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Telepresent Tehran

Originally posted to the OSL Observatory blog on 13th February 2011. This activity was part of the OSL ethnodrama strand.

I’ve seen some truly great teaching in the last week! In my role as E-learning Advisor and National Teaching Fellow I get to see great teaching at Warwick every week. But the Open-space Learning session that I helped with this week was particularly special. It reminded me of my time as a philosophy undergraduate here (1991-1994): three hours of inspiring, challenging, intellectual and emotional intensity, which I’m sure for some of the students will be a life-changing experience. It reminded me of how great teaching starts with inspirational experiences of this kind (the first of the two key aspects of a great HE student experience). And it made me question how well we are catering for the other key aspect of great HE.

The session was designed and run by Annouchka Bayley (a Theatre Studies graduate research student). It was part of an interdisciplinary series investigating the role and practice of verbatim theatre. Sixteen students attended (voluntarily), with the CAPITAL Studio (large black OSL space) set up for video conferencing. Following a short introduction from Annouchka, we watched a film created by the Iranian journalist and film maker Haleh Anvari. This was followed by one of the best philosophical and cultural discussions I have heard – largely student led. I was in fact astounded by the intellectual quality and power of the dialogue. It reminded me of the many great events out of which my own Warwick degree was built.

In this instance, however, we could go even further, making it even more powerful and significant – especially considering the events taking place in Cairo. Our experience within the safe confines of the theatre studio was intensified and made more real by the live presence of Haleh herself, via a video conference link from Tehran (using Warwick’s excellent Cisco WebEx system). As we watched the film on the big screen, Haleh was with us. Each small group of students could see her responses live on a MacBook right in front of them. In return, Haleh could see the students respond.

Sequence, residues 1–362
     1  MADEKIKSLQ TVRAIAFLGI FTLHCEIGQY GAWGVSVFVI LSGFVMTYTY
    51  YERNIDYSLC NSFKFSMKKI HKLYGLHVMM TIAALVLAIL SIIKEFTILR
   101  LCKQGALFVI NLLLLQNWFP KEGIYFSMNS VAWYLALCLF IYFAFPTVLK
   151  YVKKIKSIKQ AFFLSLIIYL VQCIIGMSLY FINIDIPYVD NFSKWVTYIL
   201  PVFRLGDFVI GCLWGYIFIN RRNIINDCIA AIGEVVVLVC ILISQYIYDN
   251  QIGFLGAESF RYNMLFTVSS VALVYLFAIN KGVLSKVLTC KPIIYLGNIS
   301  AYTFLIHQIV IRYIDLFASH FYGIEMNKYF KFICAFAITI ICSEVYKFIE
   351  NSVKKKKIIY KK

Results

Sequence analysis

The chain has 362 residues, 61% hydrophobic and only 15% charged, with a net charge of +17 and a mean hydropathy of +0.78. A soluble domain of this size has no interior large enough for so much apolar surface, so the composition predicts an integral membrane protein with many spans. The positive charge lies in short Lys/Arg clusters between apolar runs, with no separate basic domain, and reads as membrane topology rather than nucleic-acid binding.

The audience and the DVD with Haleh

And then the discussion: not just theoretical, but with a real live Iranian woman, academic, journalist, activist to answer our questions, to break or confirm our theories. Here the Open-space Learning inspired set-up of the space proved to be ideal. Using a theatre space, with a large empty area in the centre, invited the students to stand up, walk forwards (towards Haleh on the big screen and the video camera on the iMac) and ask a question. Thus introducing a physicality to the dialogue. It would, under different circumstances, be an ideal space in which the students could also perform in some theatrical way.

The discussion

Here’s what one of the students said in reflection on the event: